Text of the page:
in Paris must be a very reasonable crea
ture. He suffers from toothache, and if
in proportion to his size, he must suffer
a good deal ; yet, while it is being stopped
and filled, we are told, he is exceedingly
patient, only "gently moving his trunk"
when the operation is particularly pain
ful. A word of praise is also surely due
to the dentist. A man might have
earned the Victoria Cross and yet have
some misgivings when that trunk began
to wave. In the case in question it was
only employed "to caress the operator,"
by way of fee, when the proceedings
were concluded; but it might have been
put to a different use.
The report does not inform us whether
the elephant is placed in a chair with
his head well back, a position with
which most of us are only too well ac
quainted. There is a little difficulty, it
seems, in inducing him to take laughing
gas, which he may think beneath his
dignity. James Payn in Illustrated
Several women have been permitted
to practice dentistry in Denmark after
having passed the regular examinations.
KNIGHTS OF PYTHIAS Uauntlet Lodge
no. 47 Meets every Wedneeday eveniDg
at their hail in Parmele & Craig block. Ail vi
itiue knifrhta are eordially-invited to attend
M. N. Griffith. CO.;' tin Dovey. K, R. b.
AO. U. W. No. 84 Meets second and tourth
Friday rveniDgs in the month a. G. A. K.
hall in Kockwood block, 31. Vondran. M V,
t, P.Brown, Recorder,
0A8S LODGE. No. 146.1. O. O. F. meets ev
3ry Tuesday night at their hall In Fitzgerald
alock. All Odd Fellows are cordially invited
o attend ben visiting in the city. Chris Pet
erten. N. G. ; 8. F, Osborn. Secretary.
ROYAL AR0ANAM Cafs Council No 1021.
Meet at the K, of P. hall In the Parmele &
Craig block over Bennett & Tutts, visiring
brethren invited. Henry Gerlng, Regent;
Thos Walling, Secretary.
AO. O", W,.8. Meets first and third Friday
evejinge of each month at G. A. R. Hall
in Rockwook block. Frank Vermilyea, M, W.
D, K Euenole, Recorder.
DEGREE OF HONHR, meets second and
fourth Thursdays of each month in I. O.
O. F hall in Fitzgerald bl- ck. Mrs. F. Boyd.
Lady of Honor ; Belle Vermylea. recorder.
GA. R.McConihie Post No. 45 meets every
Satur-iay evomng at 7 : 30 in 'heir Hall in
Kockwood block. All visiting comrades are
cordially invited to ieet with us. Fred Bates,
Post Adjniant ; G. F. Niles. Post Commadder.
ORD"K OF THE WORLD. Meets at 7 : 30
every Mcnnav evening at the Grand Army
hall. A. F. Groom, president, Thos Walling,
ASh CAMP No. 332 M. W. A. meets every
second and Fourth Monday ev-nings in
Fitzgerald hall. Visiting neighbors welcome.
P. C. Hansen, V. C. : P. Wertenbenrer, W. A.,
S. C. Wilde. Clerk.
f-'APTAIV H E PALMER CAMP NO 60
Sons of Veterans, division of Nebraska. U
S. A. meet every Tuesday night at 7 :30 o'clock
in their hall in Fitigerald b ock. All sons and
visiting comrades are cordially invited to meet
with us J. J. Kurtz, Commander ; B. A. Mc
Elwain. 1st Seargent. .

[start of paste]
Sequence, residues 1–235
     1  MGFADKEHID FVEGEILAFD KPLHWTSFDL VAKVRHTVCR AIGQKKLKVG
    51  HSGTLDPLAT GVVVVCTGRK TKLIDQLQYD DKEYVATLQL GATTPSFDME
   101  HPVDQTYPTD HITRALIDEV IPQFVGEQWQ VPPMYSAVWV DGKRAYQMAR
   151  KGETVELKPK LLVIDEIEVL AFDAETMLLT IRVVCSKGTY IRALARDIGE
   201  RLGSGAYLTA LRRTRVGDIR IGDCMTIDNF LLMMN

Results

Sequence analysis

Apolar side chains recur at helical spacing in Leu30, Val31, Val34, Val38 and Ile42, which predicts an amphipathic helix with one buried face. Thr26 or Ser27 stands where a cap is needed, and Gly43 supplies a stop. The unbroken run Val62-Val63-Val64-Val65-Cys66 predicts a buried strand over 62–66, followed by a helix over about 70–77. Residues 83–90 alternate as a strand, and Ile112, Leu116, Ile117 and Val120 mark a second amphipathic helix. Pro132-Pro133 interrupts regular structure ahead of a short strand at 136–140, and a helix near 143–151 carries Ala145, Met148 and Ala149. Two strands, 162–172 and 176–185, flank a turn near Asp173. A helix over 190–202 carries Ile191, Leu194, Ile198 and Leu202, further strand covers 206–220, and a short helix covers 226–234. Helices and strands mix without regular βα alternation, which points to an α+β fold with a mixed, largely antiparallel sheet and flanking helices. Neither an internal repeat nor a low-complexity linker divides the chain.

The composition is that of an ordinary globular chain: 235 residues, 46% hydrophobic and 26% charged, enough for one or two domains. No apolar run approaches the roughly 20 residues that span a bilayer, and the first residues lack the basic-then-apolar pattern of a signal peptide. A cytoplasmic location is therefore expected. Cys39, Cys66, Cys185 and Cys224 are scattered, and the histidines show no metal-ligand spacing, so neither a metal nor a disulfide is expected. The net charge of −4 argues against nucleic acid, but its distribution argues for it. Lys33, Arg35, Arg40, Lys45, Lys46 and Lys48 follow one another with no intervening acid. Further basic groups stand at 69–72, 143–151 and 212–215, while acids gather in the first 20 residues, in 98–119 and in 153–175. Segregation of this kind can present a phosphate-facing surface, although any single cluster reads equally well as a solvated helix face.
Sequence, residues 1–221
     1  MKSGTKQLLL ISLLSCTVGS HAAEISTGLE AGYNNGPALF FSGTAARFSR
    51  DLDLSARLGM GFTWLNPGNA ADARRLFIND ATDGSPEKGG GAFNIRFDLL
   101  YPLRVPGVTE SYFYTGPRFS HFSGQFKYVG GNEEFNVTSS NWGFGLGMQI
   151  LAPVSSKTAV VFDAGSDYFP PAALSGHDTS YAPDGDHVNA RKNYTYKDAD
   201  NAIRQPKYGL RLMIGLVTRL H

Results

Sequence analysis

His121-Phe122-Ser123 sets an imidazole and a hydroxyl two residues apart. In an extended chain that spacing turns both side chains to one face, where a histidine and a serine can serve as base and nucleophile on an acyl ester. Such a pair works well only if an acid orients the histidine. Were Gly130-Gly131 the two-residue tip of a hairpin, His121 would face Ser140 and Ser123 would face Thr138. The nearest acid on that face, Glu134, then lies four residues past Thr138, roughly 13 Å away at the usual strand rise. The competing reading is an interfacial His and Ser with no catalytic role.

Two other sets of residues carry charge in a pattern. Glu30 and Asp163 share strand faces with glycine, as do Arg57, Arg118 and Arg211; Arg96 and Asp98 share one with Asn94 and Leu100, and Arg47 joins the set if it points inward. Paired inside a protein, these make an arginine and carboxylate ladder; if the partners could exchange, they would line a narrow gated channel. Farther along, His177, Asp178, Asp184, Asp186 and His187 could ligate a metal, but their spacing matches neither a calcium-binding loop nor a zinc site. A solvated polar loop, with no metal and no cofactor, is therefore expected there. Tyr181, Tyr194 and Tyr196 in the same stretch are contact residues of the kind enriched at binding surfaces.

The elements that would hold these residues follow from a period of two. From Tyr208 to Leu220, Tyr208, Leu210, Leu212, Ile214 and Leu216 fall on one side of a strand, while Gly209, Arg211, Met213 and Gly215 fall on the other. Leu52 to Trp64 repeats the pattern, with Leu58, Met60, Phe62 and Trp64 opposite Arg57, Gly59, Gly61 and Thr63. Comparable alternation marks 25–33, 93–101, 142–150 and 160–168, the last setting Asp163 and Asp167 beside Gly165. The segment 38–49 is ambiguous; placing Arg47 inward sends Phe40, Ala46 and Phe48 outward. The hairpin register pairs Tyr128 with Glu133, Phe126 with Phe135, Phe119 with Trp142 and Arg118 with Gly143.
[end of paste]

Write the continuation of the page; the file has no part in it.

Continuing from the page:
I AUG HTERS OF REBECCA-Bud of Prom -t-e
Lodee No. 40 meets the second and
fourth Thursday evenings of each month in
the to. O. F. halL Mrs. T. E. Williams, N
G. ; Mrs. John Cory. Secretary.
YOUNG MEN'S CHBISTION ogOCIATION
Waterman block. Main Street. Rooms
open from 8 :30 a m to 9 :30 p m. For men only
Gospel meeting every Sunday afternoon at 4
rVEGREE OF HONOR Eeets the first
and third Thrursday evenings of each
month in I. O. O. F. hall. Fitzgerald block.
Mrs. Addie Smith, Worthy Sister of Honor
Mrs. Nannie Burkel, sister secretary.
N N t K
WATCHES, - CLOCKS. - SILVERWARE
REPAIRS PROMPTLY ATTENDED TO.
N N N N
: H. M. GAULT. : :
Room with Snyder, Soutn Main Street.
J E. REYNOLDS,
Registered Physician and Pharmacist
Special attention given to Office
rock Bluffs - Num.
CALL AND SEE
MANY YKAKS AGO THE POET WROTE:
"Man wants but little here below,
Nor wants that little long."
It was true then and just as true to day, and fits our case exac tly
ALL THAT WE WANT IS
Your Trade on
That ia all; ' Nor do we want it long" just for a few yearn, Hay twenty
or more and if you will rant us this "little" our cup of happim-BS will
be full to overflowing.
In return you will have little to want, lor in these goods we offer the
b.est and most complete line made in this country to-day and
-.-t Prices so
That every time we fill out a quotation sheet we feel that we ought to be
accorded a place in history among the philanthropists for we are giving
the trade all the cream and keeping the skimmed milk for ourselves.
ILL YOU NOT GIVE US THE "LITTLE" THAT WE WANT.
J. W. Hendee, & Co.
ATOW IS YOUff
Harper's Bazar -Harper's
- 2 45
- 4 80
501 Vine Street.
For Atchinson, St. Joseph, Leaven
worth, Kansas City, St. Louie,
and all points nnh, east
south or west. Tick
ets sold and bag
t o a n y
INFORMATION AS TO RATES
Call at Depot or address
H, C. Town send,
G. P. A. St. Louis, Mo.
J. C. Phillippi, .
A. G. P. A. Omaha.
H. D. APGAR. Agt, Plattsmouth.
Telephone, 77. '
Are away down
$j i i
Iowa State Register
Western Rural -The
- 3 0to
We Tin,e to Subscribe
sixth street ,
F. II. ELLENBAUM,' Prop.
The best of fresh' meat always foaad
in thia market. Also fresh
Eggs ami Butter.
Wild game bf all kinds kept in their
mm ' sixth street
B3QOLD AVD porcelain CROWNS
Bridge work and fine gold werk a
DR. 8TEINAUS LOCAL as well aa ther an
esthetletglTen for the painless extractioa of
& A. MARSHALL, - Fitzgerald Block'
Powered by Open ONI